1 Cognitive Systems, Department of Informatics and Mathematical Modeling, Technical University of Denmark2 Department of Informatics and Mathematical Modeling, Technical University of Denmark3 Copenhagen Center for Health Technology, Center, Technical University of Denmark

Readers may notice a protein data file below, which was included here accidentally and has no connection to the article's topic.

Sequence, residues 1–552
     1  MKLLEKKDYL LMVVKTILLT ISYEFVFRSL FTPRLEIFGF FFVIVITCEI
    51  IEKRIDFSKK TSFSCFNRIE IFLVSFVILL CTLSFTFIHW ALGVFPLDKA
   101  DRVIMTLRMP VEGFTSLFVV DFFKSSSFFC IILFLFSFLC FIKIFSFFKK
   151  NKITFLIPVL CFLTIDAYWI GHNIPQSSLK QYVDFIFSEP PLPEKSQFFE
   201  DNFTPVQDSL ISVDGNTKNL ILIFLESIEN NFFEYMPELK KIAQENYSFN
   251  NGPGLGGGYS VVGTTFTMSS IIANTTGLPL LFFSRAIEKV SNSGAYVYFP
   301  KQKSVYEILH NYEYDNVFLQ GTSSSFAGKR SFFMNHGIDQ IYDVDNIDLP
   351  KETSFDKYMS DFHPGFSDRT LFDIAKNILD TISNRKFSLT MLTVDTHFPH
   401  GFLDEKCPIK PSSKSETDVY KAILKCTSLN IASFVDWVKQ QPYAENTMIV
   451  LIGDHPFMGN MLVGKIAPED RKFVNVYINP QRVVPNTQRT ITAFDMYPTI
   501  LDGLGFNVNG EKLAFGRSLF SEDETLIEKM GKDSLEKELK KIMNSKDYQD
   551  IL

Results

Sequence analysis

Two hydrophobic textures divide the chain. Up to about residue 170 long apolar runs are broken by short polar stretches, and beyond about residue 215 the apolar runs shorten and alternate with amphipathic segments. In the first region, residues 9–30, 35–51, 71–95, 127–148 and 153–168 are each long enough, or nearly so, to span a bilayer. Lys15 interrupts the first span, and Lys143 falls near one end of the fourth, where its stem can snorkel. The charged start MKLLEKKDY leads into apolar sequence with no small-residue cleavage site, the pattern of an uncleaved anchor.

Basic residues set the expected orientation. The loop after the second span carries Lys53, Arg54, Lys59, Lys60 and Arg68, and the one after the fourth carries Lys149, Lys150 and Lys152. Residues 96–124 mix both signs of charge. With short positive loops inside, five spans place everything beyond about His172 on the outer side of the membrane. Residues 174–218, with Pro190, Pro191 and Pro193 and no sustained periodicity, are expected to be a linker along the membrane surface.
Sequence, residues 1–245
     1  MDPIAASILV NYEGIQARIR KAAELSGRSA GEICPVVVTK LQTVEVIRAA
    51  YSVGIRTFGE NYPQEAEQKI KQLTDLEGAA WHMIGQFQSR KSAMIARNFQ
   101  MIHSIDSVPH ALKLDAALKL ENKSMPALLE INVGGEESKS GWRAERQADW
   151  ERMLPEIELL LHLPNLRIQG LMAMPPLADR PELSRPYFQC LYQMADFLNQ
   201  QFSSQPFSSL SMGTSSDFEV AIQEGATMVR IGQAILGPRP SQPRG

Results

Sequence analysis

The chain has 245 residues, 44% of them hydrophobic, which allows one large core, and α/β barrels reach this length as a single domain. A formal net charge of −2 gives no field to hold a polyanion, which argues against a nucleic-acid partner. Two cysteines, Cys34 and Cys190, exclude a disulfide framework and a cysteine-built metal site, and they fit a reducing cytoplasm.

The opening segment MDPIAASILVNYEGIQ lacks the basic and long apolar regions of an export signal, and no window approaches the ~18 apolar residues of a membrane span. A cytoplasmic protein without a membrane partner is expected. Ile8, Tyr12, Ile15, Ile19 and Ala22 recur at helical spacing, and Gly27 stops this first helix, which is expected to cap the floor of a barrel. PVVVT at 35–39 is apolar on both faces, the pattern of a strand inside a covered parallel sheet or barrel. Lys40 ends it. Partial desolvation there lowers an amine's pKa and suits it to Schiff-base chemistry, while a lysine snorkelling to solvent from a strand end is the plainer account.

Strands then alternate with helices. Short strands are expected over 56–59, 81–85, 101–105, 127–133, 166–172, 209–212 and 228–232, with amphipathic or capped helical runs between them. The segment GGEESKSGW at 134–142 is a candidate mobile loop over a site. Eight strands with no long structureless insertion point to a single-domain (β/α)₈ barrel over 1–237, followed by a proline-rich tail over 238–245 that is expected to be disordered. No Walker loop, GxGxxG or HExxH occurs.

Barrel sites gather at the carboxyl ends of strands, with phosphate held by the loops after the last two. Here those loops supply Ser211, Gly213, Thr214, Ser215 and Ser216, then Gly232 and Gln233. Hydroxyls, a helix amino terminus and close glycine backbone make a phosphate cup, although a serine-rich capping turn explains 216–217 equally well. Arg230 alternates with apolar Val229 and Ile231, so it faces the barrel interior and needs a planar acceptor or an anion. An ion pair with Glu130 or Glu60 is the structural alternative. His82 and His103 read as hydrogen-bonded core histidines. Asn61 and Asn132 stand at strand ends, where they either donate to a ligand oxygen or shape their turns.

In this thesis, a number of possible solutions to source separation are suggested. Although they differ significantly in shape and intent, they share a heavy reliance on prior domain knowledge. Most of the developed algorithms are intended for speech applications, and hence, structural features of speech have been incorporated. Single-channel separation of speech is a particularly challenging signal processing task, where the purpose is to extract a number of speech signals from a single observed mixture. I present a few methods to obtain separation, which rely on the sparsity and structure of speech in a time-frequency representation. My own contributions are based on learning dictionaries for each speaker separately and subsequently applying a concatenation of these dictionaries to separate a mixture. Sparse decompositions required for the decomposition are computed using nonnegative matrix factorization as well as basis pursuit. In my work on the multi-channel problem, I have focused on convolutive mixtures, which is the appropriate model in acoustic setups. We have been successful in incorporating a harmonic speech model into a greater probabilistic formulation. Furthermore, we have presented several learning schemes for the parameters of such models, more specifically, the expectation-maximization (EM) algorithm and stochastic and Newton-type gradient optimization.